The Messenger of Allah (sal Allahu alaihi wa sallam) was asked about fasting on the Day of Arafa. He said, “It expiates the sins of the previous year and of the coming year.” [Sahih Muslim]
The Day of Arafa, ninth Zil Hajj, is the day of forgiveness for the pilgrims, who are present this day at Arafa, as well as for those who fast the Day of Arafa the world over. This fasting is mustahab (recommended) for those who are not on Hajj. In the case of the one who is on Hajj, it is not Sunnah for him or her to fast on this day, because the Prophet (sal Allahu alaihi wa sallam) did not fast on this day when in Arafa. In fact, it is narrated that he forbade fasting on the Day of Arafa when in Arafa. The Hajis presence in Arafa is itself very pleasing to Allah (subhana wa ta’ala). Regarding them, Allah (subhana wa ta’ala) says to His angels, “Look at my slaves, how dishevelled and dusty they came to me, I do call you as witnesses upon me that I forgive them (their bad deeds).” [Ahmad]
Not everyone can go on Hajj, and certainly not every year, but this Day of Arafa is one of the great gifts of Allah (subhana wa ta’ala) that people all over the world can benefit from. On this day, Allah (subhana wa ta’ala) grants fasting Muslims forgiveness for their faults of two years, if they have committed any, if not, Allah (subhana wa ta’ala) elevates their degree in Paradise. The Muslims should celebrate the day of Arafa by restraining themselves from committing sins and iniquities in order that Allah may forgive them.
The Prophet of Allah (sal Allahu alaihi wa sallam) said: “On this day (of Arafa) whomsoever holds his hearing, sight, and tongue (from committing sins), he will be forgiven by Allah.” [Ahmad] Muslims should say the Tahlil (La ilaha il Allah), Tasbeeh (Subhanallah) and Takbeer (Allahu Akbar). It is also recommended to do as much dua (supplication) as possible on this day, since “there is no other day on which Allah frees a larger number of His slaves from the Fire of Hell than the Day of Arafah.” [Sahih Muslim]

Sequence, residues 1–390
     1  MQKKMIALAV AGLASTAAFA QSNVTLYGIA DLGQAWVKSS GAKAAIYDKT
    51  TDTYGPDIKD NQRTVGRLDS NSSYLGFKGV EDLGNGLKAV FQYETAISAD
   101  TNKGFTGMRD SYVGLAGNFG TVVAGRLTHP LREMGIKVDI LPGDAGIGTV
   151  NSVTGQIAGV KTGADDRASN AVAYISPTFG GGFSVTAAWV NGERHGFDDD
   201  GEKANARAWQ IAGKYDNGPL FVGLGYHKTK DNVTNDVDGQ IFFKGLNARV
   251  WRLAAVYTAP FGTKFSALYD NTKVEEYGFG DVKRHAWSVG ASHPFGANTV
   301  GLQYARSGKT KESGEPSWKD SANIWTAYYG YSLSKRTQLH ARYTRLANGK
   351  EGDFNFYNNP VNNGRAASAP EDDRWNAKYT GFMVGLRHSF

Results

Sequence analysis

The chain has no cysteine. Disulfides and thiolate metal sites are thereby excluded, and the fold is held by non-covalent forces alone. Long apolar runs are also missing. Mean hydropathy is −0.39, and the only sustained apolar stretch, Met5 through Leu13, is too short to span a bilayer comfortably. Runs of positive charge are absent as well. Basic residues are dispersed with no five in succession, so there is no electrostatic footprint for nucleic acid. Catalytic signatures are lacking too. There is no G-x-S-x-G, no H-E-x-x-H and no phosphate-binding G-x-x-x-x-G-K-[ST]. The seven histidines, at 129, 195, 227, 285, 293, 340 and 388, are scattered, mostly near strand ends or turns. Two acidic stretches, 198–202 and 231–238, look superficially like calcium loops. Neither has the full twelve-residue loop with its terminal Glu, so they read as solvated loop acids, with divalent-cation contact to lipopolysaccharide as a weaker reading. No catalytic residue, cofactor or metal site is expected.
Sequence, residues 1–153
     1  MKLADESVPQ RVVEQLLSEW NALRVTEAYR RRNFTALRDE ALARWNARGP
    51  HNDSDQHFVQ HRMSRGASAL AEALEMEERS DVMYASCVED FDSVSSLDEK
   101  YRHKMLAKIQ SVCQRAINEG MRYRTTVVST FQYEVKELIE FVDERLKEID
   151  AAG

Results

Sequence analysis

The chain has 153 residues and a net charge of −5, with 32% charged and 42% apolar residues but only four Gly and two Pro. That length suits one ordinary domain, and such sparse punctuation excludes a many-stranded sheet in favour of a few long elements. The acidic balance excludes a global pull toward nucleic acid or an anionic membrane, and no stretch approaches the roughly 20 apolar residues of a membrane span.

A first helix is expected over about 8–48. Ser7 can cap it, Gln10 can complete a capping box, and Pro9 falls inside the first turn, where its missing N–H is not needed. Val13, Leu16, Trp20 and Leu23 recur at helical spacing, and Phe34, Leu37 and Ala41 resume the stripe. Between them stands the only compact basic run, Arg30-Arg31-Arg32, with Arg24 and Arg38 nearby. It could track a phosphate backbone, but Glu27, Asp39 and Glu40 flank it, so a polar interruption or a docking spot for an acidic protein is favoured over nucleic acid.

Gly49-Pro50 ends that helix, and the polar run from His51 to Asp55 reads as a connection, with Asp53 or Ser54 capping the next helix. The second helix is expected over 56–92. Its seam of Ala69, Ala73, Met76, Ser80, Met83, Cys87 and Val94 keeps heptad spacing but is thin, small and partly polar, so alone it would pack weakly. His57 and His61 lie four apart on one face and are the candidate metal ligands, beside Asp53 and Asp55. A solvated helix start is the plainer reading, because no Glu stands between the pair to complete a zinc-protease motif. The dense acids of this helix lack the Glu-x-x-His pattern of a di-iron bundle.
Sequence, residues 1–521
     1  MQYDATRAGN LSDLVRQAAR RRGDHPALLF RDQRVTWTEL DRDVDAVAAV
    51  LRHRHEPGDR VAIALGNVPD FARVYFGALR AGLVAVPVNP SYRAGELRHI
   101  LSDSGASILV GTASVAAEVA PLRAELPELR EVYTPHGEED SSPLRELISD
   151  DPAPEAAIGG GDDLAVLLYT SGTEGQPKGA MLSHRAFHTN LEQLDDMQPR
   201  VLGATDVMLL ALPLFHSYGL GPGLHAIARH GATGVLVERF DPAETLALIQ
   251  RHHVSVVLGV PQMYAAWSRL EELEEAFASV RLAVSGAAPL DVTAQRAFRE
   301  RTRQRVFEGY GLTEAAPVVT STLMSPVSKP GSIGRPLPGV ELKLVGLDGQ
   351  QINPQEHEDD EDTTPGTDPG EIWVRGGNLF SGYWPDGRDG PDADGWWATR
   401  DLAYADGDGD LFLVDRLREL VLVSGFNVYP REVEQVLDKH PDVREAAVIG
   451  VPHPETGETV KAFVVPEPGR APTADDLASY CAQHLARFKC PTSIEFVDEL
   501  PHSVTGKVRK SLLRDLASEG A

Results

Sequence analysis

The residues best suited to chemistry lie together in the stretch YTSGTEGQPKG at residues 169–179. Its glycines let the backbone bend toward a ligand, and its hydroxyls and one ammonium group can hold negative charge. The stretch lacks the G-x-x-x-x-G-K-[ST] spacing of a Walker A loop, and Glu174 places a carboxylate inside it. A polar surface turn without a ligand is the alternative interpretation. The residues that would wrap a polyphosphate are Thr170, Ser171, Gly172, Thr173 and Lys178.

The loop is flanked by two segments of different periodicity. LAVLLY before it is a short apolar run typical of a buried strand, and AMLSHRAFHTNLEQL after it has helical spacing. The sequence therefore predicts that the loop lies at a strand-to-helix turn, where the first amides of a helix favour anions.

The Prophet (sal Allahu alaihi wa sallam) said: “The best supplication is on the day of Arafa, and the best remembrance that I and the prophets before me (made) is: “There is no god but Allah, the only true God, who has no partner. To Him belongs the kingdom (of the universe) and to Him all praises are due. And He has the power to do every thing.” [Tirmidhi]
Make a note of this day on your calendar, so that you remember to celebrate it by fasting and making dhikr, dua and istighfar.
Be In Control.
The notion of privacy differs in a multitude of cultures, societies, and religions. The notion of privacy also changes with time based on the events or situations that occur. This, in part, may explain why there is no all-comprehensive meaning for privacy. There is no clear-cut definition for privacy that allows people, judges, and scholars to properly identify and recognize the boundaries of privacy. That being said, there were several attempts in defining “privacy” more generally. An American judge, Louise Brandies, defined the “infringement” of privacy as an “interference with another person’s seclusion of himself, his family, or his property from the public,” and to a certain extent, Brandies described privacy well (Kamali 159).
In Islam, privacy takes on a bigger role in a Muslim’s life and is viewed as one of main Islamic ethical principles. Because the “principles of Islam” exalt the “religious conscience of every Muslim”, Islam gives respect and rights to one’s freedom, privacy, and ownership (Hayat 137). Islamic law acknowledges the privacy of a Muslim’s home and private life, and there are severe exhortations against meddling into the affairs of others. The Qur’an and several hadiths of the Prophet Muhammed (PBUH) define the right to privacy clearly and thematically. For instance, Islam strictly prohibits the inquiry into the private matters of others without their consent. If one happens to “come across private information,” then one should stop immediately from getting involved any further (Hayat 137).
With the increase in the instruments of modernity, such as electronic devises, global communication and other advancements in technology, a modern Muslim has to be even more cautious not to cross the boundaries of one’s privacy and to secure his own, as well. Most, if not all, of the concepts of privacy in Islam revolve around the central idea of “invasion” or “reaching out” through something that does not belong to the same person, whether it is intentional or unintentional, be it entering a home without the owner’s permission or even reading a small of piece of paper that doesn’t belong to that person. Even though these rights and rules are put forth to make Muslims better individuals, are the rules of privacy in Islam obsolete? In other words, do these rules have any exceptions? The answer would be yes; they do have exceptions only in particular situations such as the “testimony of witnesses” or when asking for a fatwa or legal opinion (Kamali 162).
Hayat, Muhammad Aslam. “Privacy and Islam: From the Quran to Data Protection in Pakistan.” Information & Communications Technology Law 16.2 (2007): 137-48. Print.
Kamali, Mohammad Hashim. The Right to Life, Security, Privacy and Ownership in Islam. Cambridge: Islamic Texts Society, 2008. Print.